James “Sonny” Crockett was the brooding, dark, neo-noir hero of Miami Vice. He had some good qualities as a character— mostly no nonsense, driven to right wrongs, defender of the helpless, and so on and so forth. He also wallowed in the bleakness created by a job that was essentially useless, the deaths and betrayals of friends and loved ones, and generally swam in a pool of bad habits — smoking, drinking, gambling and straight up whoring.

As a kid there was something gnawing inside of me that responded to this character and it was the same thing that responded to similar characters in movies and fiction. I’m not saying that I looked at Crockett and said “that’s who I wanna be when I grow up!” I am saying that he was a fictional role modal of sorts, not necessarily a healthy one.

There is a myth about being dark. You  can get into it if you are the right type of person. The myth is that darkness equates depth. You are hip to the crappy realities of life, people suck and there is no future. It’s a good way to mask your own narcissistic and self-destructive behavior. Eventually you have to chuck the pretense, take a long  cold look at yourself, and call yourself out on your own bullshit. It can be a difficult thing to do but not so hard if you develop the ability to laugh at your own absurdities.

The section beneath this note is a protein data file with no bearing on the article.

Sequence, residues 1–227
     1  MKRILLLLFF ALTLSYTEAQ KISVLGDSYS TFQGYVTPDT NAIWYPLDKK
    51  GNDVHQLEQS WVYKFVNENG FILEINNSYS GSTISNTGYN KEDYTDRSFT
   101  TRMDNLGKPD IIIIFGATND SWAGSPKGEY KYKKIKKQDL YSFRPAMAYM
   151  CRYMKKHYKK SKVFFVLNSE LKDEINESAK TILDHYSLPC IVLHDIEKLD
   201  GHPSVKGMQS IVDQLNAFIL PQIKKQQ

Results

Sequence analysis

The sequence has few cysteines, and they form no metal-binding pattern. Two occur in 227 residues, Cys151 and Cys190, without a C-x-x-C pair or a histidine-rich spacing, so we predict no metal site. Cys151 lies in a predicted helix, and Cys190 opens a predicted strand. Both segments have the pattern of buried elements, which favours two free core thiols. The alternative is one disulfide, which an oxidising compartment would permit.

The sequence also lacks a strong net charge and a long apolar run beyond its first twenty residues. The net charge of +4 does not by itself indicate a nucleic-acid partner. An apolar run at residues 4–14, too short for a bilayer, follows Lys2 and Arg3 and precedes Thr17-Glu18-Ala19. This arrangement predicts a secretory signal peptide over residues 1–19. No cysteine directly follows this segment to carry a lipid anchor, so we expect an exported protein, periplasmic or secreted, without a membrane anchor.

Eventually you might even write a silly article on your blog and mock some of those absurdities for the sport of a bunch of strangers on the Interwebz.

REVISED LESSON: Grow up to be  a boring yet productive citizen

OVERALL LESSON: Real life Is ultimately much better than anything you see on television


  1. HA! I love the hell out of this entry. Miami Vice was a strange staple in my own household, too — I say ‘strange’ simply because we were a household of girls. We just happened to be girls who liked kickass action shows (The A-Team, Riptide, Magnum P.I., etc…etc…all were necessary to our Must Watch list). There was a time when I thought Crockett was pretty hot, but only when he was moody and broody (that “noir” type as you’ve mentioned, of course), not when he was cracking wise with Tubbs and dressed in pastels. I remember everything you’ve mentioned here, but on the subject of music, I think what I remember most about the show was the number of music celebs who showed up as episodic characters. This list reminded me of them: